But didn't I mention GRR, too?  Yeah, what I just described is the vinyl release from Dope Folks, but Gentlemen's Relief are issuing a limited CD edition, which includes all of the above, plus four additional bonus tracks.  What are these?  They're the last two Kaotic Styles 12"s, from 1996 and 1997.  They're a little more smoothed out.  One song features Jaz and another has Memphis Bleek.  They feel a little trendy (for their time), and I wouldn't rank them as highly as their earlier material.  The chorus for "Da Ones" is a flat retread of the classic PE hit and there's a "Top Billin'" remake which is especially pointless.  But don't get me wrong, the production still sounds nice and these guys can still rap.  It's still good music that would fit well into anybody's collection, especially anyone partial to that 90s sound; it's just not as tight as their earlier material.

So the vinyl is limited to 300 copies, 50 on red wax and the other 250 on traditional black, both in a plain sleeve.  The CD naturally includes full picture artwork and is limited to just 250 copies.  If you're a CD collector, it's a nice way to get all that material, but heads who've already got their late 90s 12"s will only need the vinyl to score all the unreleased material.  These two guys kept putting out single after single from 1990-1997, jumping from one indie label to another.  It's about time they've finally got a proper album to their name.

Thursday, October 18, 2018

The Gurpy Dozen

So, there's a new album from the Gurp City crew.  If you follow this blog, you know who Gurp City are, because I've covered a whole ton of their releases already.  But just in case you don't, Gurp is the label/ collective of the Bay area family of artists including Luke Sick, Z-Man, Brandon B, QM, TopR, Eddie K, Eons One, Lightbulb, DJ Quest, Brycon...  it's always struck me as a somewhat loose knit affair, and it's not always clear who's actually a member, and who's just a frequent collaborator of some or all of them, or who's dropped out over the years... White MicG-Pek DJ Marz?  It's pretty amorphous.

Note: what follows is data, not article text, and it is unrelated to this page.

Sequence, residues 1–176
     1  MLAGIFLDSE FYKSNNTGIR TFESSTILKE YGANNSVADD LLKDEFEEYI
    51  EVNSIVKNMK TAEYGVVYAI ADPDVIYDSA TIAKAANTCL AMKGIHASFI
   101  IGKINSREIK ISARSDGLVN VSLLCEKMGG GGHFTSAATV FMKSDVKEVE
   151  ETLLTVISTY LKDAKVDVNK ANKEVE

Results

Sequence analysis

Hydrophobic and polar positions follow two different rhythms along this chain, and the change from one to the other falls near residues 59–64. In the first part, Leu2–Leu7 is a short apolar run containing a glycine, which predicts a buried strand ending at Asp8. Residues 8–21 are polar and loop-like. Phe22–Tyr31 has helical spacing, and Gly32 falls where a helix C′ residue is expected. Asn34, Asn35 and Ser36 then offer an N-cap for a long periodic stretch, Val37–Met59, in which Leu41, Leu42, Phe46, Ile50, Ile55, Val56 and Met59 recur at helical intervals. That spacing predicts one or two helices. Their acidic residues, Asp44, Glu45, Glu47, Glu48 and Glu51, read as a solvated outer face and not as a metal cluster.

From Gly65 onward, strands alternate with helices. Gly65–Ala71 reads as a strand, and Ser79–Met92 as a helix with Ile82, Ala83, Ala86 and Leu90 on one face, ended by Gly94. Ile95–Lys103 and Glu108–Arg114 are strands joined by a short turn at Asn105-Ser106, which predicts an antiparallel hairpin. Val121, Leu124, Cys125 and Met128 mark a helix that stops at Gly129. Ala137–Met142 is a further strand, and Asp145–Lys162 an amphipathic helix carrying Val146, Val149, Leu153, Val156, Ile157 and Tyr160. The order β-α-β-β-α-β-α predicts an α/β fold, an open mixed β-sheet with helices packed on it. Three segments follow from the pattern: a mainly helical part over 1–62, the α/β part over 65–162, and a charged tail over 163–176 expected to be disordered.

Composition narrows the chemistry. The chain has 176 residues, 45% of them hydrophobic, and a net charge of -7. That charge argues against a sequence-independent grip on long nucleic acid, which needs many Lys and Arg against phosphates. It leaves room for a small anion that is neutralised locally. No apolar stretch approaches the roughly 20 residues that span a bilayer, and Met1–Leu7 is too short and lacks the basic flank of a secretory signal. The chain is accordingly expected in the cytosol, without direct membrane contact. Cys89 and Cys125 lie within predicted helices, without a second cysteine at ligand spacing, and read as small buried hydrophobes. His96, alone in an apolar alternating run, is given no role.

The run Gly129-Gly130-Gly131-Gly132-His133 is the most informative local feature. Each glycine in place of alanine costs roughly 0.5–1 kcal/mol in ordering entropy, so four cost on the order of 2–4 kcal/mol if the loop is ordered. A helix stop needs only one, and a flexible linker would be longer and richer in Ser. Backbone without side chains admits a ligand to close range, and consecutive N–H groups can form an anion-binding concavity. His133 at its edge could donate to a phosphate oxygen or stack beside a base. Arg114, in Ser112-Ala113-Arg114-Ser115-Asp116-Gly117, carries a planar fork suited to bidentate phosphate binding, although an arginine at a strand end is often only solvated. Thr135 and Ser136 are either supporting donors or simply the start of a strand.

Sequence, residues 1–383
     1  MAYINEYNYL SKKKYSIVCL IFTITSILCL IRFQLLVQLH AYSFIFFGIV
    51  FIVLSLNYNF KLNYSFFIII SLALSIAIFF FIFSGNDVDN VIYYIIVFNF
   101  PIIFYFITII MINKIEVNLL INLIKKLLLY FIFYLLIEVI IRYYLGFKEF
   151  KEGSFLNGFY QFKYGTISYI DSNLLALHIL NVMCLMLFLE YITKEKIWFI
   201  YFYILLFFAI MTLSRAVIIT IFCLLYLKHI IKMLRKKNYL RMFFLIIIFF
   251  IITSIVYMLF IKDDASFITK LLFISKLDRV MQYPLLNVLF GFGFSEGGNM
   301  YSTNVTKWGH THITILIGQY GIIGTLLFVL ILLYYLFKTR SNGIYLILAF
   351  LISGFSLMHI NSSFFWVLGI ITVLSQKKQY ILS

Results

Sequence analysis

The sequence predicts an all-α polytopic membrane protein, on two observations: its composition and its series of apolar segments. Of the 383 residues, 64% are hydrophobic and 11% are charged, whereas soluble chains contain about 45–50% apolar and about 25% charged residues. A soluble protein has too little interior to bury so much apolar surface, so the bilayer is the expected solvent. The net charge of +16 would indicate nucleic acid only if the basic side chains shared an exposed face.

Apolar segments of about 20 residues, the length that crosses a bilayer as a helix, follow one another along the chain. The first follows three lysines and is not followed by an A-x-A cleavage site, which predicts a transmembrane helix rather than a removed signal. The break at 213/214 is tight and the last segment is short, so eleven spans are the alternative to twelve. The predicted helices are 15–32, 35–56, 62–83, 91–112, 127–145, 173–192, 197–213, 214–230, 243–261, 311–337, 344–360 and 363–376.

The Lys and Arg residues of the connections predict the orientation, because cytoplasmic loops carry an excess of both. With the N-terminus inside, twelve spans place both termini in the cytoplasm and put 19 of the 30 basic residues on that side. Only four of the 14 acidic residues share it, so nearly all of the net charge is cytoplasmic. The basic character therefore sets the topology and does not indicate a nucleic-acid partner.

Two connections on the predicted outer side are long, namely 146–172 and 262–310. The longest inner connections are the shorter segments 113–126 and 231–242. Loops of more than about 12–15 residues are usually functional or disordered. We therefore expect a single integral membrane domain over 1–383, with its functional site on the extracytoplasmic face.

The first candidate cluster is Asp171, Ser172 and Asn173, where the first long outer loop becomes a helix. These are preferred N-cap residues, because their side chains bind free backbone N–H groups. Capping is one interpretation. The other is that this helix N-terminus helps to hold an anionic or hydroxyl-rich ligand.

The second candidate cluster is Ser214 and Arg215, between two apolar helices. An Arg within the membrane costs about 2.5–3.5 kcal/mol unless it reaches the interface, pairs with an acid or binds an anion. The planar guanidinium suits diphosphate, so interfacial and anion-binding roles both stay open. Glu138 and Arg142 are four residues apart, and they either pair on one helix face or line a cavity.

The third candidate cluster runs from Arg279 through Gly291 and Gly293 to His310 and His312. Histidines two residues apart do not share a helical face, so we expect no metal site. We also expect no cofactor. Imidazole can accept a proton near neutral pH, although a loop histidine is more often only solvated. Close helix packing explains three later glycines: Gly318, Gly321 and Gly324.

Anyway, it may be hard to believe considering how long these guys have been assembled under the banner, but apparently this is the debut album from the whole gang as a pack: Rap Camp, Vol. 1: The Flood.  Previous compilations like Fresh Out Gurp City didn't count?  I don't know; their press sheet calls this their debut.  And like all music these days, it seems to be primarily a digital release; but I'm happy to report that there are actual physical copies in existence.  You might have to contact them directly to cop a CD, or corner one of them at a show, because I can't find any place to order it.  But they exist!

And how is it?  Well, I'll be honest, it's overlong and I was a little disappointed with it at first.  It reminds me of the Shady Records Re-Up album, where it feels like a bunch of artists you're a fan of have gotten together with some you're less familiar with to pound out a lot of songs pretty quickly.  It starts out okay, with "Guess Who's Back," including some cool scratches on the hook, an enthusiastic posse cut vibe, all three MCs sound good riding the beat, and it's exciting when Luke clicks in at the end like a king.  One thing I have to say about this album right off the bat is that the biggest names are heavily featured.  You know, if you buy a D12 album, you don't want to find out Eminem's only on one song and you've wasted your money.  That's definitely not an issue here; Luke and Z-Man are all over this.  The only artist on here more than them is Eddie K (Bullet Proof Scratch Hamsters), who's on every song but one... I wonder if this song started out as an Eddie K album?